( AFP ) - A top member of banned Basque separatist party Batasuna said Saturday the arrest of most of the party's leadership was "a declaration of war" by the Madrid government.
The strong reaction was reflected in demonstrations later Saturday as thousands of people took to the streets in Basque cities to protest the government's action.
Pernando Barrena, the most senior official of the political wing of the armed ETA group still at liberty, said the government of Prime Minister Jose Luis Rodriguez Zapatero wanted to "slam the door" on the Basque independence movement.
"The repression will not make us back down" from the fight for independence, he said.
Barrena, accompanied by some 80 Batasuna militants, was speaking at a press conference at a hotel in the port city of San Sebastian in northern Spain.
Across the Spanish Basque Country late Saturday, several thousand protestors demonstrated against the arrests. Marches in Bilbao and San Sebastian -- which drew the largest crowds -- and in Vitoria, all passed off peacefully.
The banner leading off the march at Bilbao declared, "Open the doors to independence and long live the free Basque Country."
Banners at the demonstration in San Sebastian were more militant, with one denouncing the ruling Socialists as terrorists. Another, written in the Basque language, read: "You will pay for what you have done."
Another, authorised demonstration in the city of Pamplona in the neighbouring region of Navarre, was broken up by police, Spanish media reported.
Earlier Saturday, there were sporadic incidents of violence in the Basque Country including the burning of a post office on Saturday, following Thursday's arrests, regional police said..
Four masked men burst into the post office in the town of Lezo, told the single employee present to leave, then sprinkled the room with petrol and set it alight, gutting it.
In other incidents, petrol bombs were thrown at a courthouse and municipal office building at Pasai San Pedro, and an attempt to set a bus on fire at Markina was thwarted by police.
The actions were typical of youthful supporters of ETA, which is fighting for independence of the Basque Country of northern Spain and southwestern France.
A police raid late Thursday on a meeting of Batasuna in the Basque town of Segura led to the arrest of 23 people. They included 19 members of the banned party's leadership, two of whom are French.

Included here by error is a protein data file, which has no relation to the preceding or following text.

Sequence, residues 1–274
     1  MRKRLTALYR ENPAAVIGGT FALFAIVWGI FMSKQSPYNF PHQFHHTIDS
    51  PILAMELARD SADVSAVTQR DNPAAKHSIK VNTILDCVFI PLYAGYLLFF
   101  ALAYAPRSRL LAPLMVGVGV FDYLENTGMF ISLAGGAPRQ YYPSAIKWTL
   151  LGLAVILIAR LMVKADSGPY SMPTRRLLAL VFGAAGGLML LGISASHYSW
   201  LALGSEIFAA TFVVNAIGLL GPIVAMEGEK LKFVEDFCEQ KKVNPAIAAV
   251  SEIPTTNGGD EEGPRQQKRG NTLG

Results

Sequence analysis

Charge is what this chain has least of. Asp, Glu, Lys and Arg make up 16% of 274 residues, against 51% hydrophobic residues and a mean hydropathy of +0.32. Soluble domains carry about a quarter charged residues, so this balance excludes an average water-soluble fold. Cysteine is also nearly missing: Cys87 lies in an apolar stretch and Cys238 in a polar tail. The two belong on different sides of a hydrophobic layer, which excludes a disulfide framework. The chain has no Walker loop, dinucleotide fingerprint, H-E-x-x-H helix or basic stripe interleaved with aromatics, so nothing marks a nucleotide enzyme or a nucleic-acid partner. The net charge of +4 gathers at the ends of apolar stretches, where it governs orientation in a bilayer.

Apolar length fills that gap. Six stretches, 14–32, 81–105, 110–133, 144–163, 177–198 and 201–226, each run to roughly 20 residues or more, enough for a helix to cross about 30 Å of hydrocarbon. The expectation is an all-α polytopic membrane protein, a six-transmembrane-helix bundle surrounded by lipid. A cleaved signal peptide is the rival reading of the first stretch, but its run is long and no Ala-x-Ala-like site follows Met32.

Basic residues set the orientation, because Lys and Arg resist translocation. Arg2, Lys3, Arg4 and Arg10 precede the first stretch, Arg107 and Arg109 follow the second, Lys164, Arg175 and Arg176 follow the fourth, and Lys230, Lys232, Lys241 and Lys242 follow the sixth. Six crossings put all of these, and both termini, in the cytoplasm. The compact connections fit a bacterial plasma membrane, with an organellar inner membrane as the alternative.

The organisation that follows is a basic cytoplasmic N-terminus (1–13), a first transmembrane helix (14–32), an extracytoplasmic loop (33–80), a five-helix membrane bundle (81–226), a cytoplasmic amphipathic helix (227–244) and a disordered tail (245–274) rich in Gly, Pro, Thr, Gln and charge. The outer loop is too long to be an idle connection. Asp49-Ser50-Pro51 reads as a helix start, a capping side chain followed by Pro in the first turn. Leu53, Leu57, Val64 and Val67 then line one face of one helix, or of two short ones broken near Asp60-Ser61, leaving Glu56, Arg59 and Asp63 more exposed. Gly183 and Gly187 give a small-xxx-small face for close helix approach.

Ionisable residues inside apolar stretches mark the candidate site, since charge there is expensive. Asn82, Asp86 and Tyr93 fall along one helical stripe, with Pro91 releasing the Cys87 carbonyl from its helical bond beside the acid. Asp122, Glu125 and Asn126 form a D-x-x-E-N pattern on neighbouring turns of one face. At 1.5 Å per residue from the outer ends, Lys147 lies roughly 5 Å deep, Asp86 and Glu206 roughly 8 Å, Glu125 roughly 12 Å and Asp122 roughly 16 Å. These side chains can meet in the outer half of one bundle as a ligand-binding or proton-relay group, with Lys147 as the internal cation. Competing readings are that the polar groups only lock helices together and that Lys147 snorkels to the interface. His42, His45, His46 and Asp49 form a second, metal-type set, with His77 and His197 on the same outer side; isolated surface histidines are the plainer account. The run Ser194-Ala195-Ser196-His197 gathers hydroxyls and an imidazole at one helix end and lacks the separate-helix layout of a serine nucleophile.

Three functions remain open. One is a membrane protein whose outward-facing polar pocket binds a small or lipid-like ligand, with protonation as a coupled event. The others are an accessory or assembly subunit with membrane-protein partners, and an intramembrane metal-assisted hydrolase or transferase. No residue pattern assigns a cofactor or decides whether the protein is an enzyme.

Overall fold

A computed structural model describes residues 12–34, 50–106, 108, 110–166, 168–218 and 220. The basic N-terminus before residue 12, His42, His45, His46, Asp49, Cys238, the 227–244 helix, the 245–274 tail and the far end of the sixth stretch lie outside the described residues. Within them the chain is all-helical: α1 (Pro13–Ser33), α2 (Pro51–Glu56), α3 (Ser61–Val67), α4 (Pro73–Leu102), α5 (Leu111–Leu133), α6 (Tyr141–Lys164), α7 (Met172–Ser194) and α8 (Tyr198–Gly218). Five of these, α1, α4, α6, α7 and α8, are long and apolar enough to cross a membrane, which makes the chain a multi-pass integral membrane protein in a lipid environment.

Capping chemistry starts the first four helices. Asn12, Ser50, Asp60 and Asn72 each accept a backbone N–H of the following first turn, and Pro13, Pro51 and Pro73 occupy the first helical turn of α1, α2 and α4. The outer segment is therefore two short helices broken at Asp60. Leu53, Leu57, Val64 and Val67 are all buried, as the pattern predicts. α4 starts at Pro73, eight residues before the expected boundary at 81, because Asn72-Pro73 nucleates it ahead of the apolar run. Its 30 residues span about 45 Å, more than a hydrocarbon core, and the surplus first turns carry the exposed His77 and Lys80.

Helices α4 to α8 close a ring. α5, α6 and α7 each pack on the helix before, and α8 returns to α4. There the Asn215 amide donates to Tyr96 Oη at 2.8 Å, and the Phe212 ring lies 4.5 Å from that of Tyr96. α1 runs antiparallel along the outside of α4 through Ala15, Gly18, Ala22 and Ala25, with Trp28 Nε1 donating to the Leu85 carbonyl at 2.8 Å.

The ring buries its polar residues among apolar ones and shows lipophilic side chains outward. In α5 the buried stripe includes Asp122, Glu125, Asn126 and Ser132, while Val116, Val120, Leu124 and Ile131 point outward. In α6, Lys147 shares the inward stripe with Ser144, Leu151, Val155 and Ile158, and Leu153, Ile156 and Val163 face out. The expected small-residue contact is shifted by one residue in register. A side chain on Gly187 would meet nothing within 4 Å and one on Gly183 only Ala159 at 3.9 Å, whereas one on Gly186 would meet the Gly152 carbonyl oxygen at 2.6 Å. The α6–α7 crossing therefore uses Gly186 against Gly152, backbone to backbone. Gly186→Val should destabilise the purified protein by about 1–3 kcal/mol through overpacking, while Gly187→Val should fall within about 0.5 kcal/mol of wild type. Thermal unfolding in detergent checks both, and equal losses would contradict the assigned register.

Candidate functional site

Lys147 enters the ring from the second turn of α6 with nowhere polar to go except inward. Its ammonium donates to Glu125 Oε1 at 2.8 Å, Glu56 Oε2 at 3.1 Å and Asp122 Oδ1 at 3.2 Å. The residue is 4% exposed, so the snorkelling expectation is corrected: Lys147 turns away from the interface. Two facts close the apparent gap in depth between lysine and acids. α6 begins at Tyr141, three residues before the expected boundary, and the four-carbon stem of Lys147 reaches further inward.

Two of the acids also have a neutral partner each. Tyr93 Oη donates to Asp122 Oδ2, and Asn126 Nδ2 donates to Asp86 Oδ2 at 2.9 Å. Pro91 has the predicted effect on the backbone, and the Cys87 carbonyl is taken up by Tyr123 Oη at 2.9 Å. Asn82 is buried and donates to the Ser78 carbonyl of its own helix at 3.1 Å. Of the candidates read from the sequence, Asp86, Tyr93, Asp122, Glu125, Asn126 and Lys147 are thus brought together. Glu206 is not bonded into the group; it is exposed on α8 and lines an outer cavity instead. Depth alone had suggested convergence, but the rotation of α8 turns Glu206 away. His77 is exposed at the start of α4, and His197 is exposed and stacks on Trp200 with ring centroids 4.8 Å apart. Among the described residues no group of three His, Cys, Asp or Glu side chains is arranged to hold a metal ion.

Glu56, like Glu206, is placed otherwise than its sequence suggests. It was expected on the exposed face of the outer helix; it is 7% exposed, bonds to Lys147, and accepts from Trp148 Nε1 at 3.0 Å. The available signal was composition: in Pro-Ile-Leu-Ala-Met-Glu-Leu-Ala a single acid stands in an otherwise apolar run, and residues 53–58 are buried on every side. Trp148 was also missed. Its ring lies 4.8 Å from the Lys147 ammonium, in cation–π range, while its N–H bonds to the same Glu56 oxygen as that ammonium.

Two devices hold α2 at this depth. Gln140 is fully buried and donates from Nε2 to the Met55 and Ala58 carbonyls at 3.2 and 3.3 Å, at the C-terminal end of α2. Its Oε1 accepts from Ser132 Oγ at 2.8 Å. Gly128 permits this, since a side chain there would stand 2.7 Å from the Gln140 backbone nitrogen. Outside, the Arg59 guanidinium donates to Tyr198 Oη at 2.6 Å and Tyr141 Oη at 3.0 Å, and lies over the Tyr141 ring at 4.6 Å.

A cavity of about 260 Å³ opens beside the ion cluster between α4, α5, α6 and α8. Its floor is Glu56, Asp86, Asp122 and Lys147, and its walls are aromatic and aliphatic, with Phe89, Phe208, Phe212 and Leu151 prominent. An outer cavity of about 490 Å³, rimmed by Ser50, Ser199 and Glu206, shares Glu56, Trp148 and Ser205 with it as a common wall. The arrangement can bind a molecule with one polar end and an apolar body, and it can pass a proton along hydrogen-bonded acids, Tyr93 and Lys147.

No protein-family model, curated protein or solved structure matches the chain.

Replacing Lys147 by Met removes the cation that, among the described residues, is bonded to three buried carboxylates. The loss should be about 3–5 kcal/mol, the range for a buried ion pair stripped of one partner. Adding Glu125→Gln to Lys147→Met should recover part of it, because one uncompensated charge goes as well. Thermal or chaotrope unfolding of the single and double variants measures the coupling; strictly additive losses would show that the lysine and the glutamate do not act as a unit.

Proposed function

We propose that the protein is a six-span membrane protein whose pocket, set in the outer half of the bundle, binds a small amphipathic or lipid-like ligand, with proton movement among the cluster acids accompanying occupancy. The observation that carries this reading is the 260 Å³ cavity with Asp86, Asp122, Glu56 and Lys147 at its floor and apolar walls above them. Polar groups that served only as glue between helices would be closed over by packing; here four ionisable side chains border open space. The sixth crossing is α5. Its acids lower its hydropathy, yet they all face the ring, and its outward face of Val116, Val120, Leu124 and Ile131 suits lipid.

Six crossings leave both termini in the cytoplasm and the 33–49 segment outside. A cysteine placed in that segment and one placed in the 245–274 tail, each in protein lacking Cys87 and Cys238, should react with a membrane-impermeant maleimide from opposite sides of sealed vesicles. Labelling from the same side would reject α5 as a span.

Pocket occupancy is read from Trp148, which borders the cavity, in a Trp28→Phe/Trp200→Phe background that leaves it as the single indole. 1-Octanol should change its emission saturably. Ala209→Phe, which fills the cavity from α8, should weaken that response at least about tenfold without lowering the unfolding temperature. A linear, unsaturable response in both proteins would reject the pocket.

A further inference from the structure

They were to appear Sunday morning before Spanish judge Baltasar Garzon, who ordered the crackdown in a hardening of the government's stance on ETA since the group officially ended a 15-month-old ceasefire in June.
Barrena denounced the detention of "23 activists from the independent left" and that it amounted to "a declaration of war" seeking to "slam the door on Basque independence."
He called for a renewed commitment "to pursue the fight for independence and socialism."
Spanish radio said some of the suspects were being transferred to Madrid Saturday, but police searches in the region were still going on.
Premises raided included a property near San Sebastian of the Communist Party of the Basque Lands, which is allied to Batasuna but not banned.
On Friday hundreds of people demonstrated in protest against the arrests in various Basque cities, including 1,000 in Bilbao, the region's financial and cultural centre.
ETA has killed 819 people during almost four decades of fighting for its cause. Both Batasuna and ETA are listed as terrorist organisations by the European Union and the US government.
Batasuna with Marxist-Leninist leanings has been banned as a party since 2003 for refusing to condemn violence and cut its links to ETA. The detained leaders face charges related to Garzon's investigation into those links, especially the party's suspected financing of ETA's activities.
Barrena said on Friday that the roundup was designed to boost the Socialist government ahead of March elections, when the question of regional autonomy and the "Basque problem" are expected to be major issues.
On Thursday Spanish Prime Minister Jose Luis Rodriguez Zapatero said: "ETA has only one option which is to lay down its arms, to abandon violence," as he rejected any dialogue with the armed group.